Our classes alternated weekly between static and spinning. They turned out to be quite different crafts, both of which had their own challenges. Somewhat counter-intuitively, I would liken static pole to dynamic and jumpy climbing moves and spinning pole to static climbing moves that involve pulling hard between positions.
Personally, I preferred spinning pole. As I mentioned above, being able to hold static poses was my main strength on the pole. This seemed to come into play most often when the pole took care of the rotation for me and I could just focus on finding and holding the shapes.
Static pole ironically felt more dynamic and involved using my own momentum to generate the movements, which is not something I excel at. Everything felt more committing when the pole was static. I felt like I really had to throw myself into the moves and create the rotation with my own body.
In this sense, my pole dancing and climbing styles are very similar.
5. Chalk works on poles as well as rocks
I think my instructor was slightly horrified by the amount of chalk I used in class. As a climber I think I use a fairly average amount of chalk. As a pole dancer I use a ridiculous amount of chalk.
Using chalk while pole dancing seems to be fairly common but I always used more than my classmates and my instructor never used any. Even in the middle of summer in Madrid when I was permanently coated in a visible layer of slimy sweat, my instructor seemed to remain as dry as a Jacob’s cream cracker.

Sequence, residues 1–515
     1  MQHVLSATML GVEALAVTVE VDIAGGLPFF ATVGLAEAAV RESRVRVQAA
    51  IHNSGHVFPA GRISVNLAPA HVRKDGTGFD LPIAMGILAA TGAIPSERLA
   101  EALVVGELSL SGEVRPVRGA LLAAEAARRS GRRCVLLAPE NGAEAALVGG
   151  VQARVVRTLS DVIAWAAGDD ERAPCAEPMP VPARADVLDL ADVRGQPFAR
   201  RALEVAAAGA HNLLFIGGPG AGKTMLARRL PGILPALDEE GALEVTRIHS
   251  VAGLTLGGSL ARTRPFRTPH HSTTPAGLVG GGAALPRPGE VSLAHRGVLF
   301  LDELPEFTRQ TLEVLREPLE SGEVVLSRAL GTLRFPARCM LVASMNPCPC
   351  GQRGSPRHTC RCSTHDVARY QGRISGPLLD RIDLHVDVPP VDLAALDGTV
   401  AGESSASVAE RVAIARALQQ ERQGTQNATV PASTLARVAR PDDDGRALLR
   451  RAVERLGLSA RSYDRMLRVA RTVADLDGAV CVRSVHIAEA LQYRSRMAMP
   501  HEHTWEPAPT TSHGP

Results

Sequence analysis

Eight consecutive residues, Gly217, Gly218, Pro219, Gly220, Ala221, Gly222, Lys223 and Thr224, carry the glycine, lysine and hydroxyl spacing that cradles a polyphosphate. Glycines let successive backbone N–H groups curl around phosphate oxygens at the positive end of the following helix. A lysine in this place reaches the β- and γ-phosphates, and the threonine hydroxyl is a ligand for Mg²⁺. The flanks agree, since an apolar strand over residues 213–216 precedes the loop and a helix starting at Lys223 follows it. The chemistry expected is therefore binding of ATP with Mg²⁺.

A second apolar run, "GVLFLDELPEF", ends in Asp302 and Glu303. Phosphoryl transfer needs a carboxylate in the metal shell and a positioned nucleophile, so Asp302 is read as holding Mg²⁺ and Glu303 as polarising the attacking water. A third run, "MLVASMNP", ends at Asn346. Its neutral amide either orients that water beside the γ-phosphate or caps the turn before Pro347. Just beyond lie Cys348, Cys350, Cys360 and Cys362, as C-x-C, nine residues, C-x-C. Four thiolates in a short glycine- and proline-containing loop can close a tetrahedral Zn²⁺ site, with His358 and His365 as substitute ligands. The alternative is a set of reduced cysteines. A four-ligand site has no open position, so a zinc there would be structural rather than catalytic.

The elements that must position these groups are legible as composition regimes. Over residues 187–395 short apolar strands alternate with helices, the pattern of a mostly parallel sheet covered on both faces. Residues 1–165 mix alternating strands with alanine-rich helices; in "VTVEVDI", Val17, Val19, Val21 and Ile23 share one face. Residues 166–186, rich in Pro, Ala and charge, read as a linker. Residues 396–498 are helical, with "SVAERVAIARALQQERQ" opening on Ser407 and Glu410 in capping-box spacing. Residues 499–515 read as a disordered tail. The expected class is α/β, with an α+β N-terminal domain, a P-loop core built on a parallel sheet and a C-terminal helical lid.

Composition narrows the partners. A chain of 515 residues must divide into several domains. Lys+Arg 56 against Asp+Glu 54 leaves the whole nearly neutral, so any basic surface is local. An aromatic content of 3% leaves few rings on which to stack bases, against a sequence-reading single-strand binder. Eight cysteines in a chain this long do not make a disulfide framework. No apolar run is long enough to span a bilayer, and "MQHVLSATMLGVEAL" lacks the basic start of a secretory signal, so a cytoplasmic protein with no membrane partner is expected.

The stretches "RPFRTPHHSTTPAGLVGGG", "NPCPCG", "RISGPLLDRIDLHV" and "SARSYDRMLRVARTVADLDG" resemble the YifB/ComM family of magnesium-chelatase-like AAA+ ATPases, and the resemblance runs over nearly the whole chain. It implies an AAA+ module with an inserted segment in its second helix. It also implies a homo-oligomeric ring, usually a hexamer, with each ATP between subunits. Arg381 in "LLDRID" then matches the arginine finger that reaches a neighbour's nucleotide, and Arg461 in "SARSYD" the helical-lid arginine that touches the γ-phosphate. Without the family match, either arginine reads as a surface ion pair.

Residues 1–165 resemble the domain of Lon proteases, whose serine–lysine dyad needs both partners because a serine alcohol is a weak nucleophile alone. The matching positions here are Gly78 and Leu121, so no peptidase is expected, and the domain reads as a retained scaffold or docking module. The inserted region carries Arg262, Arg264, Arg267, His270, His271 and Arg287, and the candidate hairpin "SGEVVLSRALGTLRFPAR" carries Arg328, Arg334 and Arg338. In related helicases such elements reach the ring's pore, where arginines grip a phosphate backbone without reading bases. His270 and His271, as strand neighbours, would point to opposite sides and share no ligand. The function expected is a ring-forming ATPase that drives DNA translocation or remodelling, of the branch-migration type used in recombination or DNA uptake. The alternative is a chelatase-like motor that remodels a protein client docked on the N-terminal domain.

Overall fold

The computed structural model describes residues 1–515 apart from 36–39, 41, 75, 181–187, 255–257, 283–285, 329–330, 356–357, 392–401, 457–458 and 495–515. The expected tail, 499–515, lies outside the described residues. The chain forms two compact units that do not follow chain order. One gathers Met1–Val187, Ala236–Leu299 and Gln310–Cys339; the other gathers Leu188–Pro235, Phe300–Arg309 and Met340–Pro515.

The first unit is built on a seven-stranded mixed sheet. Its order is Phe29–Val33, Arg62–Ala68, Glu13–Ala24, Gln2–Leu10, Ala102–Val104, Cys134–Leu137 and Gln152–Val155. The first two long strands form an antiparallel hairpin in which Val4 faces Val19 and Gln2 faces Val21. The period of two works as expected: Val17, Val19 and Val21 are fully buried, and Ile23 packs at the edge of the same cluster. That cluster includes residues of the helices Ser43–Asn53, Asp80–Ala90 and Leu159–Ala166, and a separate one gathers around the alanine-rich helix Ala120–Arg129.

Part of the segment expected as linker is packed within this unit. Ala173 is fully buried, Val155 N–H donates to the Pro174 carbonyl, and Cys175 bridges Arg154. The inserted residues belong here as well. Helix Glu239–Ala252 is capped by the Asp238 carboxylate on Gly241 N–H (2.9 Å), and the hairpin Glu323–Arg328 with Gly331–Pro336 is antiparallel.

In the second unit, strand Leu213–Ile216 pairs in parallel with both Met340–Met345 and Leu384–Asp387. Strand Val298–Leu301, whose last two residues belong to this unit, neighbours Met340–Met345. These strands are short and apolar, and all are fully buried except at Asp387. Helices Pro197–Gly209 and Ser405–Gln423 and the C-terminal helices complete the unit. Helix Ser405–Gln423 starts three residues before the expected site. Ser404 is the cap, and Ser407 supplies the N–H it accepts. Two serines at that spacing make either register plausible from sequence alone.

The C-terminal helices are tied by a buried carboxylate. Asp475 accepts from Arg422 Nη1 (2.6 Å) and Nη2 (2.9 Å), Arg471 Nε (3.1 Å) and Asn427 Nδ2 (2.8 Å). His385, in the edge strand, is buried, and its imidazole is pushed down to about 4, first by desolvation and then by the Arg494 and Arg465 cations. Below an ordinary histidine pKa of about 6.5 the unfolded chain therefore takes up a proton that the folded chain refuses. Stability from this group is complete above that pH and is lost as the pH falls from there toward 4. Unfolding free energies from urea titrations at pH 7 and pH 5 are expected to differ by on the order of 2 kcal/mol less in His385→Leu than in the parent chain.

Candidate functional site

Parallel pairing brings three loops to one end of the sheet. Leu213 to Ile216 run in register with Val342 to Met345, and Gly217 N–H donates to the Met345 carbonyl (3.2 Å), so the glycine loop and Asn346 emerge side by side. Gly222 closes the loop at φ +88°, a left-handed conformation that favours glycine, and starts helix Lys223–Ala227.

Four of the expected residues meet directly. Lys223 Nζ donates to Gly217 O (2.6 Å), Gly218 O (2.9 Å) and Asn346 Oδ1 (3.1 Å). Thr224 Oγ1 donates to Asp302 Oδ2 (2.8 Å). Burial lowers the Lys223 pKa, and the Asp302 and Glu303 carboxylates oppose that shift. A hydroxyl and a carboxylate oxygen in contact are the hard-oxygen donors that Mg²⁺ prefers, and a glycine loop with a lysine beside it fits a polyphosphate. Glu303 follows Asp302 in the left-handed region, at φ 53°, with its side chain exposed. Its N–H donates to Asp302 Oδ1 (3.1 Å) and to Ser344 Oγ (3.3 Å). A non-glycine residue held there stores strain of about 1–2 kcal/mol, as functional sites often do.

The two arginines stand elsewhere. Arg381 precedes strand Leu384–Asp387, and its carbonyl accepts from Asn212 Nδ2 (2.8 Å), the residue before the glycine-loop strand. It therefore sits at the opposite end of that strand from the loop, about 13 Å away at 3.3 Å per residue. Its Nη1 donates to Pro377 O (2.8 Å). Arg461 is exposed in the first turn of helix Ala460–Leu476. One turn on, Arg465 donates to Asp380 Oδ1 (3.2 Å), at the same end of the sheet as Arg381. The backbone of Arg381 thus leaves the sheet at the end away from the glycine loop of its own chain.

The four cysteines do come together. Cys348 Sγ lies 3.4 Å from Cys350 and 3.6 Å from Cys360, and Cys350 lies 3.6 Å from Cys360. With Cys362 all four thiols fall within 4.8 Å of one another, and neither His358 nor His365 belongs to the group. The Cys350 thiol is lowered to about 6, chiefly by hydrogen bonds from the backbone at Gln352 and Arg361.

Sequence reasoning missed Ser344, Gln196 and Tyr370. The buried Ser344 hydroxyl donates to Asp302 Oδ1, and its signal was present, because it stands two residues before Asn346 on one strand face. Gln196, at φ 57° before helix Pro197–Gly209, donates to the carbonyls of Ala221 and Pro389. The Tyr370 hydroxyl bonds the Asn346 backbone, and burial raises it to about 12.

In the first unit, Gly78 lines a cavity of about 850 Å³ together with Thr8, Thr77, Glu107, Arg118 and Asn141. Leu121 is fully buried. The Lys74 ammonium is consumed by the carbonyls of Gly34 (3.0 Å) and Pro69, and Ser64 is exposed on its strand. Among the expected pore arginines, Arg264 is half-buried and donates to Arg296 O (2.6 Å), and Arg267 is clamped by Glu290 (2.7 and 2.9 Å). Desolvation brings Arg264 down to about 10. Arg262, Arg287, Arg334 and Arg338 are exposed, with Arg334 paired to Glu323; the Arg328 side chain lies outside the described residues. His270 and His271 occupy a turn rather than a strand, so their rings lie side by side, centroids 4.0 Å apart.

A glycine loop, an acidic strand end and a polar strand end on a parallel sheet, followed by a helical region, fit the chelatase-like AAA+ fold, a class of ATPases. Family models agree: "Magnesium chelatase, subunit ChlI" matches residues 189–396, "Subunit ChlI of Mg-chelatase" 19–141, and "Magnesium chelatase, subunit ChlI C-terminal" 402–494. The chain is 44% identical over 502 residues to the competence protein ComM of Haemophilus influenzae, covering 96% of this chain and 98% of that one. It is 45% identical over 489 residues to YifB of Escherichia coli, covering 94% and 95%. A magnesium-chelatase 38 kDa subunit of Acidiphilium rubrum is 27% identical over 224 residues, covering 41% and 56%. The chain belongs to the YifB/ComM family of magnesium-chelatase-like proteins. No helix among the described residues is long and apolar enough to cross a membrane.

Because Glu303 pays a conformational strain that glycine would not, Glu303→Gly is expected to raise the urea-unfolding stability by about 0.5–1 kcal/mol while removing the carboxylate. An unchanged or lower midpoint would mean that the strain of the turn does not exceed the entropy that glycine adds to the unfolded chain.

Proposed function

Seeing as I never intended to publicly perform any of my pole dancing skills I decided not to give a shit about the amount of chalk I used! I wanted pole dancing to be nothing more than an enjoyable form of exercise, so it didn’t matter how often I stopped to slather myself in chalk. It wasn’t disturbing the rhythm of a beautiful routine or shattering any illusions that I was a sweat-free pole dancing wizard.
I had to clean the pole more often but it made me feel safer and have more faith in hands while spinning around at high speeds so I have no regrets about my excessive chalk consumption.
6. You can experience motion sickness on a spinning pole
Although I preferred working with a spinning pole, there was always a risk of getting a nasty bout of motion sickness when it got up to speed.